The organizers from Cooperation Jackson and the Southern Grassroots Economies Project communicated with us that the movement for economic democracy is building in exciting and powerful ways. There is still a lot of work to be done, and when we come together, that work can get done. That’s why we came South, and will continue to partner with the amazing individuals and groups fighting for social change today.
Yesterday, the ISJL hosted students from Operation Understanding, an organization whose mission is to develop a group of young African American and Jewish leaders knowledgeable about each other’s histories and cultures to effectively lead the communities of Philadelphia, PA and Washington, D.C. to a greater understanding of diversity and acceptance.
I thought I would share with our readers here a little of what I shared with the students in our office.
Having taught high school history for a number of years, I was thrilled to have the opportunity to do a presentation for teenagers on the relationship between Southern Jews and African Americans. This is not an easy talk to give to any age group, because while we like the stories of Jews fighting for civil rights, the historical truth is that those were primarily Northern Jews; most Southern Jews were not actively involved in fighting against the white hierarchy of the South.
Jews in states like Mississippi lived in a climate of fear and intimidation. Southern Jews were acutely aware that any challenge to white supremacy would result in serious social and economic consequences. Synagogue bombings, threats of economic boycott, and violence directed against civil rights workers convinced a lot of Southern Jews to remain relatively silent.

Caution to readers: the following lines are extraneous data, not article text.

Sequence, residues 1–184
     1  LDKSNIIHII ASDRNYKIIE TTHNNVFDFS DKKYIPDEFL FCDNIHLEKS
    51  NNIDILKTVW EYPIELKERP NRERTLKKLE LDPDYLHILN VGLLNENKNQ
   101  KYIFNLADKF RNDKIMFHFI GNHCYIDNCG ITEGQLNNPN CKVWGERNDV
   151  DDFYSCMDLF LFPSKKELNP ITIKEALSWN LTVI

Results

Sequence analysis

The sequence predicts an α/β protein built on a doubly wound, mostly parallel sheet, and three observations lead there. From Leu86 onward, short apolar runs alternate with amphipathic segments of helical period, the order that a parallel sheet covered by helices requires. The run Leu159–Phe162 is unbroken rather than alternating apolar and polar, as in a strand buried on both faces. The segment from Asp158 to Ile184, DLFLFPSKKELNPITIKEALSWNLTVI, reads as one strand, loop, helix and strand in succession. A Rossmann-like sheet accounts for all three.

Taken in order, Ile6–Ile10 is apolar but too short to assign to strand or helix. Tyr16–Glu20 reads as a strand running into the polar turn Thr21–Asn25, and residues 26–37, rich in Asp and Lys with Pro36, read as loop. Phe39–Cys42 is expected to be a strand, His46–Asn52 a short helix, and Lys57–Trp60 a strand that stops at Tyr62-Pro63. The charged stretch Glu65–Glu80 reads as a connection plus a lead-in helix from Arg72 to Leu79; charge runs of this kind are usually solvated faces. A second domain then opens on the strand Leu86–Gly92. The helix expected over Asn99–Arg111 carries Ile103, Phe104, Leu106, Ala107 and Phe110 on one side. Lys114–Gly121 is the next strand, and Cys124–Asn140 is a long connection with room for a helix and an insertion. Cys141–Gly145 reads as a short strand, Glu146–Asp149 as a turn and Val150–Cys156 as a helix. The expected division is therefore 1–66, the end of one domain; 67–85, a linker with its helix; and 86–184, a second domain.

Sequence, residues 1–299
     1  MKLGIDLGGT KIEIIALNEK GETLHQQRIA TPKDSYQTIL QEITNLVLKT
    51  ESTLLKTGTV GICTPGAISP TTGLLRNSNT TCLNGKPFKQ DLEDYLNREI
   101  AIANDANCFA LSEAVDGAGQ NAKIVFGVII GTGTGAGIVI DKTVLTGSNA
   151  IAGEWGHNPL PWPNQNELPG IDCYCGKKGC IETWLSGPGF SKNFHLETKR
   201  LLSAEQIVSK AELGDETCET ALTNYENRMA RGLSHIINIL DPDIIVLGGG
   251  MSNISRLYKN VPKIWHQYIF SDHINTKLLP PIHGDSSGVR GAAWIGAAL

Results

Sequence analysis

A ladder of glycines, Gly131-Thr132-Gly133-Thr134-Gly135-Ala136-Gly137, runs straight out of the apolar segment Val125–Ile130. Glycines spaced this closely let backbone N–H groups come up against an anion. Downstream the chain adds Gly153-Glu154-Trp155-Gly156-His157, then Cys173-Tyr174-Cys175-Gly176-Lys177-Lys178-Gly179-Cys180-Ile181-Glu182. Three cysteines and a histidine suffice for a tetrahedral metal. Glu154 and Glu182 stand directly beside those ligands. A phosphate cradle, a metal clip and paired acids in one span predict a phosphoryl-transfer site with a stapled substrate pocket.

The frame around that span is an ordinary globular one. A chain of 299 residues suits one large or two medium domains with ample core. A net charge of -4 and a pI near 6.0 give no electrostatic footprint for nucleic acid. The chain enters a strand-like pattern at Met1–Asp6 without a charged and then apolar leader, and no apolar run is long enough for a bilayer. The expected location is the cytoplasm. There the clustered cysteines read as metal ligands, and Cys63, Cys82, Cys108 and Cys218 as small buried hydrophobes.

African American activists faced the same challenges, but to a much higher degree. James Chaney – one of three civil rights workers murdered during Freedom Summer by members of the Ku Klux Klan near Philadelphia, Mississippi – struggled to find support for civil rights among his local community. They were afraid of falling prey to what ultimately happened to Chaney. Chaney knew the risk and accepted it, paying dearly for his bravery. Following his death, his mother Fannie made sure that James’ younger brother Ben would follow his brother’s footsteps. I can’t imagine the kind of courage that would allow a mother to risk such a sacrifice, but she did, and Ben is still an active advocate of civil rights today.
Rabbi Arthur Lelyveld, a Jewish activist who came down to Hattiesburg, Mississippi trying to register black voters, elected to leave the danger almost as soon as he arrived. He did not make the decision lightly or at some small act of intimidation, however: he was senselessly beaten with a tire iron in board daylight by white supremacists. A small group representing Hattiesburg’s Jewish community urged him to get out of town, fearful their synagogue would get burned or their members injured or killed. Lelyveld responded: “Don’t worry, I can’t wait to leave.”